2014 PEN/Edward and Lily Tuck Award for Paraguayan Literature
Raúl Silva Alonso, En Tacumbú (El Lector)
The PEN/Edward and Lily Tuck Prize for Paraguayan Literature has been established by a $100,000 grant from Lily Tuck to assist with the translation of Paraguayan literature from Spanish or Guarani into English. The award, which was conferred for the first time in 2010, carries a cash stipend of $3,000 for the living author of a major work of Paraguayan literature. Another $3,000 is given to the winning translator in order to bring the work to the English-speaking world. The translation prize is open to both established and emerging Paraguayan writers.
Idra Novey, Yvette Siegert, and Mark Statman
From the Judges’ Citation
The winner of the PEN America/Edward and Lily Tuck award for 2014 is Raúl Silva Alonso for his collection of micro-fictions, En Tacumbú. Like Robert Walser, Alonso’s micro-fictions are unpredictable, vivid, and radically unlike anything else being written in his country. The reality Alonso writes of in this collection is a fatally crowded and tragic one. Tacumbú is the largest prison in Paraguay’s capital city, Asunción. Amid frequent outbreaks of tuberculosis and gang fights, Alonso zeroes in on the sight of a red balloon passing over the prison yard, the curious food preferences of various inmates, and the unlikely friendships that develop between them. En Tacumbú is a book of great humanity and of mysterious moments of grace. We congratulate Raúl Silva Alonso on this exceptional collection of micro-fictions.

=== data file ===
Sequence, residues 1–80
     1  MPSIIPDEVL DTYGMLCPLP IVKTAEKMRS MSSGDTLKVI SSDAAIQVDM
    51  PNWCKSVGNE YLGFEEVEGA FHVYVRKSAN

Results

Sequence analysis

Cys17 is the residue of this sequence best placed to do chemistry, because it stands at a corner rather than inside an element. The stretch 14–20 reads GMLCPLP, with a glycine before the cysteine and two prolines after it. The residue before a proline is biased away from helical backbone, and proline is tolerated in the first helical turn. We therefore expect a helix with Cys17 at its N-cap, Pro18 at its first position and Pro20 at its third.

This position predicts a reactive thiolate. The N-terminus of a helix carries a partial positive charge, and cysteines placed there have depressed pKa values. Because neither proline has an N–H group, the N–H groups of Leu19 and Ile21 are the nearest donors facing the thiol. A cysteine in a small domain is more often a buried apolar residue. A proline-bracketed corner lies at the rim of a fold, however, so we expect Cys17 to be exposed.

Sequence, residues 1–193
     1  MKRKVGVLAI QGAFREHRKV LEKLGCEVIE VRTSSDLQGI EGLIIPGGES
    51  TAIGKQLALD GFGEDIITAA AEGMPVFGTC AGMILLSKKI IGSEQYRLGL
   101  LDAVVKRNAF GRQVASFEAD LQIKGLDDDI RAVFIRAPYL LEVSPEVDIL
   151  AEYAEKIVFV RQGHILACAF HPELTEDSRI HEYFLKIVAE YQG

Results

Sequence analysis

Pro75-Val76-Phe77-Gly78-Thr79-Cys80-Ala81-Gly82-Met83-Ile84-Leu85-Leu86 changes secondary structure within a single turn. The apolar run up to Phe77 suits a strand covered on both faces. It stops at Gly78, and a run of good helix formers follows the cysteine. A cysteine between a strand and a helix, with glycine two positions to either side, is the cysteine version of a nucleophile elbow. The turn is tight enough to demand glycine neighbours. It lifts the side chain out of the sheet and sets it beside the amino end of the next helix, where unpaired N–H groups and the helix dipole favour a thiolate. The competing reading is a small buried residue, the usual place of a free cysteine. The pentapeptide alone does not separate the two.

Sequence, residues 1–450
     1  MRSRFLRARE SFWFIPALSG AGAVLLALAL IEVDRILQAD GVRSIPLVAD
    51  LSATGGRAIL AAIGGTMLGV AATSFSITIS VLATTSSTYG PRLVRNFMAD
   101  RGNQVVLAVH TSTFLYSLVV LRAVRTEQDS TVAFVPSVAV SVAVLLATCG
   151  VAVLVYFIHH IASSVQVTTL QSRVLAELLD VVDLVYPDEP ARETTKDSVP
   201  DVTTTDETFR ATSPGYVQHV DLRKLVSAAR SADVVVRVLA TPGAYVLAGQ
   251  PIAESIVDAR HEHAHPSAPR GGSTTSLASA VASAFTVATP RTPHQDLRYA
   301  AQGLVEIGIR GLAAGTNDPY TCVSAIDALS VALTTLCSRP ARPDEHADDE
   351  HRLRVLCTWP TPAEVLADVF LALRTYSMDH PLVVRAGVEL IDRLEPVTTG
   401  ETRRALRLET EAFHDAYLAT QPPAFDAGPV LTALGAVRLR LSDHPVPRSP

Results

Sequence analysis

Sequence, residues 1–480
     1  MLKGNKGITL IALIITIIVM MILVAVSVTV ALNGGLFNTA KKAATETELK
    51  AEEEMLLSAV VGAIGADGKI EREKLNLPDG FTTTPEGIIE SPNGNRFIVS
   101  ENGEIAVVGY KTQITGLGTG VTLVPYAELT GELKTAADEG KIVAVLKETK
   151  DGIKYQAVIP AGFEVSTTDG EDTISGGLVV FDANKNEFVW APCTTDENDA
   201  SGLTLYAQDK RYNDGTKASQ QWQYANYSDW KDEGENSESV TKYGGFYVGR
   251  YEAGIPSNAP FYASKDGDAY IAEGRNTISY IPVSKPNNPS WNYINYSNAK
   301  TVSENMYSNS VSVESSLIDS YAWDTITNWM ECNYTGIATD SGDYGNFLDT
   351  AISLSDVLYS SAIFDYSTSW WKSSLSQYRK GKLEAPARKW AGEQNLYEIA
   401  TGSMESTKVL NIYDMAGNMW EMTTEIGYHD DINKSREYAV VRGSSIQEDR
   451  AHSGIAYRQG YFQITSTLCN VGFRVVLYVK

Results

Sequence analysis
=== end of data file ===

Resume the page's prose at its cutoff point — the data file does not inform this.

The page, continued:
Delfina Acosta, Esteban Bedoya
Click here for addtional information, including submission guidlines, for the award.